Don't Be Fooled by Yuan Tumble. China's Currency Is Quite Stable

  • Yuan rose against currency basket amid drop versus dollar
  • China has said new currency basket better reflects yuan value

For all the uproar over the yuan’s fall, the Chinese currency is more stable than appearances might suggest.

While the yuan sank to a five-year low versus the dollar on Wednesday, it is valued at about the same level as in October against a basket of currencies representing China’s major trading partners, according to data compiled by Bloomberg. This trade-weighted valuation, calculated based on a methodology similar to the one published by the China Foreign Exchange Trade System, a unit run by the central bank, is less than 4 percent off the record high set in August.

The authorities unveiled the multi-currency index last month, saying a broader basket is a more reliable gauge of the value of the currency than the dollar-yuan exchange rate. Policy makers have repeatedly said that there are no fundamental reasons for a persistent depreciation in the yuan because the country still runs a large current-account surplus.

“The idea that China all of a sudden is sparking a new round of competitive currency devaluation” in developing countries is “really a stretch,” Stephen Roach, a senior fellow at Yale University and former Morgan Stanley non-executive chairman in Asia, said in an interview on Bloomberg Radio. “On a broad trade-weighted basis, which is more relevant measure for any economy to compete in the world, the Chinese currency’s flattened out.”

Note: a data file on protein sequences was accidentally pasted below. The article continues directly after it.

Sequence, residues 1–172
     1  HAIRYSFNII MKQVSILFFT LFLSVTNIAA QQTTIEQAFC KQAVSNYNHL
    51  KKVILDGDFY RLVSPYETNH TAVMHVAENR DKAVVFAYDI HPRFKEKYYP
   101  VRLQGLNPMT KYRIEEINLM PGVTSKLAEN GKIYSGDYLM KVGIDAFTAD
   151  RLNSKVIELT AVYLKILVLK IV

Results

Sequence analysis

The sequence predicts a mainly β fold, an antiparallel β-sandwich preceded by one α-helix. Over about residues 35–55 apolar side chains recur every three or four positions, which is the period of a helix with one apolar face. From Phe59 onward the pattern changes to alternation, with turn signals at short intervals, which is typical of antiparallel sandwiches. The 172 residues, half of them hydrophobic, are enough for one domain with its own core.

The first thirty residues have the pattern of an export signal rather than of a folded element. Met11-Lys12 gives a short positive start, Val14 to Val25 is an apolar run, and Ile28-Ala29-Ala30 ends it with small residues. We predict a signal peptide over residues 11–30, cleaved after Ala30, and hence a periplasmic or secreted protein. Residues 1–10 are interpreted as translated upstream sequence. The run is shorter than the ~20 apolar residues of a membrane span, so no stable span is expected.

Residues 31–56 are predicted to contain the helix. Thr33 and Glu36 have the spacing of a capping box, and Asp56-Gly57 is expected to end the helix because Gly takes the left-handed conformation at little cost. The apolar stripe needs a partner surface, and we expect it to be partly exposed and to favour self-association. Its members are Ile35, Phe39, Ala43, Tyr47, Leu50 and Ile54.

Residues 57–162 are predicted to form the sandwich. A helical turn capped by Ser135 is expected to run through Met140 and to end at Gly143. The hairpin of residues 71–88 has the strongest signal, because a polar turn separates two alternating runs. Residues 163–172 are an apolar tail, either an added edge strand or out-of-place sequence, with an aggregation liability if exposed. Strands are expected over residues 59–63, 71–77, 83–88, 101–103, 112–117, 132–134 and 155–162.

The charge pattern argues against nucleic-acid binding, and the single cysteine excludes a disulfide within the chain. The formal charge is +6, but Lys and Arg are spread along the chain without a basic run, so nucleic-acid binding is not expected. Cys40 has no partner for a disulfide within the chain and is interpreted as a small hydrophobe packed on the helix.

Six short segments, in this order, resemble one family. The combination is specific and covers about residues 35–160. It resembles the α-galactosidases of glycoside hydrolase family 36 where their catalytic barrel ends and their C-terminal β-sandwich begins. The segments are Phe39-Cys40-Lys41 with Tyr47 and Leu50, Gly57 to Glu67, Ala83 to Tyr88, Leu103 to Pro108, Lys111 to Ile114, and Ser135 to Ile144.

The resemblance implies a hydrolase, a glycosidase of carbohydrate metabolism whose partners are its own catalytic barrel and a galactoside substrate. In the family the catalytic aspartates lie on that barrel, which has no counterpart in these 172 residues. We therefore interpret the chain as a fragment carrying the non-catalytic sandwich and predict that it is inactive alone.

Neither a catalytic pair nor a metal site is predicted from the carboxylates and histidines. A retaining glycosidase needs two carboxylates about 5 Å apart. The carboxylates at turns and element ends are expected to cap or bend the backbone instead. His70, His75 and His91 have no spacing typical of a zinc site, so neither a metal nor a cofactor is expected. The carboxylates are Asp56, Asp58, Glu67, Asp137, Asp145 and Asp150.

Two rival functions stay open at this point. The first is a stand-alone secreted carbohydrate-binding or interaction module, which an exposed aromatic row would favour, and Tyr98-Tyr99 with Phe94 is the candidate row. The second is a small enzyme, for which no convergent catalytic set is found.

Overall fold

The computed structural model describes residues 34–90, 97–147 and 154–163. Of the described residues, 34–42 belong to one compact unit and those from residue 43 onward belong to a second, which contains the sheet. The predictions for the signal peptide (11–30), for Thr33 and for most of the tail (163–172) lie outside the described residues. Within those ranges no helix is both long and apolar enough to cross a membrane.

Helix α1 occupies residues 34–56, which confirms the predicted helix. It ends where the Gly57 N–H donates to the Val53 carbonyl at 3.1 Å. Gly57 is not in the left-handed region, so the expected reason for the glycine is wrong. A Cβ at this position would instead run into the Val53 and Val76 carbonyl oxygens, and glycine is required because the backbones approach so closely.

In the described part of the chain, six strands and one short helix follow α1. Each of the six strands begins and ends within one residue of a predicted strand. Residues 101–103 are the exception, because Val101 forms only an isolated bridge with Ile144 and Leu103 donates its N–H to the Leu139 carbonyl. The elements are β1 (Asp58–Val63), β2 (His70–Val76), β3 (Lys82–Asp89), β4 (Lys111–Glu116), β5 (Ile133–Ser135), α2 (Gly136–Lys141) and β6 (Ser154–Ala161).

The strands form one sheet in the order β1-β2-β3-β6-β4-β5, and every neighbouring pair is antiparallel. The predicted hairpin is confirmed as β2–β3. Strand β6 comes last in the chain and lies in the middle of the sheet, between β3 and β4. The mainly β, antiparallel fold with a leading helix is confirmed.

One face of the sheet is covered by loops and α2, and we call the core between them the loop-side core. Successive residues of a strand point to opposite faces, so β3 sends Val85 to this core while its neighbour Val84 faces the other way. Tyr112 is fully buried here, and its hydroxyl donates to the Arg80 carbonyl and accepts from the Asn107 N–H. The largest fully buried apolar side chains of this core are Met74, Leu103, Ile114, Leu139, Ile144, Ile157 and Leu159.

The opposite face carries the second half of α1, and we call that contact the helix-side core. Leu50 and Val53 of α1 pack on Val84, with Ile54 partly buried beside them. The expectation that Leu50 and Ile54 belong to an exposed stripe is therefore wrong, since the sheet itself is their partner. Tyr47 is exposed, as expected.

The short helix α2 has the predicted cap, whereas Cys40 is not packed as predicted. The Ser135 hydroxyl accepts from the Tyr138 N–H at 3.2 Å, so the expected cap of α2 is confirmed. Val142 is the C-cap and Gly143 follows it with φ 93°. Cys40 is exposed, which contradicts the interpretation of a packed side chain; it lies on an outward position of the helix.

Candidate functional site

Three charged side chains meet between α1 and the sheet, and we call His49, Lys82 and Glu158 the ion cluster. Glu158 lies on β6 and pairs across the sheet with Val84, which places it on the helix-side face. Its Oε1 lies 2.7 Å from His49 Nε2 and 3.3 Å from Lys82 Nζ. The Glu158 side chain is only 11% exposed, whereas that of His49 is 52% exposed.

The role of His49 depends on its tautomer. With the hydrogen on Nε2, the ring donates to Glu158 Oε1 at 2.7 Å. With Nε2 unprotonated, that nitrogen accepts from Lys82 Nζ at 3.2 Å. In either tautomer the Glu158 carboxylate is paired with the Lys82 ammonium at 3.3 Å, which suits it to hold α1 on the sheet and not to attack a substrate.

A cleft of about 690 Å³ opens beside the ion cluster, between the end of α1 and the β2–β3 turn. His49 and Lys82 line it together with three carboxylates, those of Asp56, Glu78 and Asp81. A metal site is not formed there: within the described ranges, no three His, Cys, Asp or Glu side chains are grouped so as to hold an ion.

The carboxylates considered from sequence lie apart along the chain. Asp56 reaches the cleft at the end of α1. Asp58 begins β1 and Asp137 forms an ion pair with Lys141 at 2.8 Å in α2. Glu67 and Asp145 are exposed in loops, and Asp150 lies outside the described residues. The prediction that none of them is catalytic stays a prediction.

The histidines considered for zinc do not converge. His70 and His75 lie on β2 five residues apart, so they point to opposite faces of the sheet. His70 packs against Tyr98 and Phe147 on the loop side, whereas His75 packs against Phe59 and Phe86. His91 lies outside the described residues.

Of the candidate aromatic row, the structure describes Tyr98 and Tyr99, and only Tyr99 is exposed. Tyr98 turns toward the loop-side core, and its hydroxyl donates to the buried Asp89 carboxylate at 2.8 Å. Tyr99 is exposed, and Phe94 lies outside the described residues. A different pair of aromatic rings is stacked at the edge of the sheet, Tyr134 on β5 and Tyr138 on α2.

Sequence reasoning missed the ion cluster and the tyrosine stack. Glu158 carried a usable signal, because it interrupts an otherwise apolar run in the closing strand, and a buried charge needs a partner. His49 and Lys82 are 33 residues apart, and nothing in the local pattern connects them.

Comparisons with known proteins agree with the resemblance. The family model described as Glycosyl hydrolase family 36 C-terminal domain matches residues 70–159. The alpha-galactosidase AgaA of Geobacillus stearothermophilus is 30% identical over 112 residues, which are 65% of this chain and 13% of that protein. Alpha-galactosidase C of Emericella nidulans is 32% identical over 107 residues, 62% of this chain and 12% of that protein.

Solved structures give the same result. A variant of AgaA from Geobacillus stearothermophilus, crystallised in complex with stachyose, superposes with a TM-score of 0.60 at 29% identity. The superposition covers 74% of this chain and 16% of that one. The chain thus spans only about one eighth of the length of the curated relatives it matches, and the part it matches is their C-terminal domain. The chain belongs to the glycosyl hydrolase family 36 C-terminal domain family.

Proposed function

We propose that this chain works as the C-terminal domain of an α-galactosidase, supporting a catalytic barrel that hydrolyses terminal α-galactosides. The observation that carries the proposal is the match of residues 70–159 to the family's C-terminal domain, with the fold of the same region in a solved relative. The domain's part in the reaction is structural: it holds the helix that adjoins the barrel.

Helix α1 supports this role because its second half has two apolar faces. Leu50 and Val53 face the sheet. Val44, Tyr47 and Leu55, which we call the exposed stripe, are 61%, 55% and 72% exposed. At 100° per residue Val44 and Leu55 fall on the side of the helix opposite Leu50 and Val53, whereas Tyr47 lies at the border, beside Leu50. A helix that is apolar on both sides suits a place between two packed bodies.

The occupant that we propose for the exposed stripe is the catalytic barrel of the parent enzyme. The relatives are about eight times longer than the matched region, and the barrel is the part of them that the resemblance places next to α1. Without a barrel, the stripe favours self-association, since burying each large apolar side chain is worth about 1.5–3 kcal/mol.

The People’s Bank of China set the yuan’s daily reference rate against the dollar Wednesday at the lowest level since April 2011. The yuan has lost 0.9 percent this year, extending its 4.5 percent decline in 2015, which was the largest annual drop in more than two decades. The slump sparked a selloff across emerging markets as investors worried that other developing nations may weaken their exchange rates to gain a competitive edge.

By comparison, the Bloomberg gauge mimicking China Foreign Exchange Trade System’s new yuan index rose 1.4 percent last year, extending its gain since 2009 to 26 percent. The index is composed of 13 currencies, including the dollar, euro, pound and yen.

Analysts at Goldman Sachs Group Inc. said Tuesday that the yuan has “limited” room for further depreciation because slumping energy prices will help boost the current-account surplus in China, the world’s second-largest importer of oil, and offset capital outflows.

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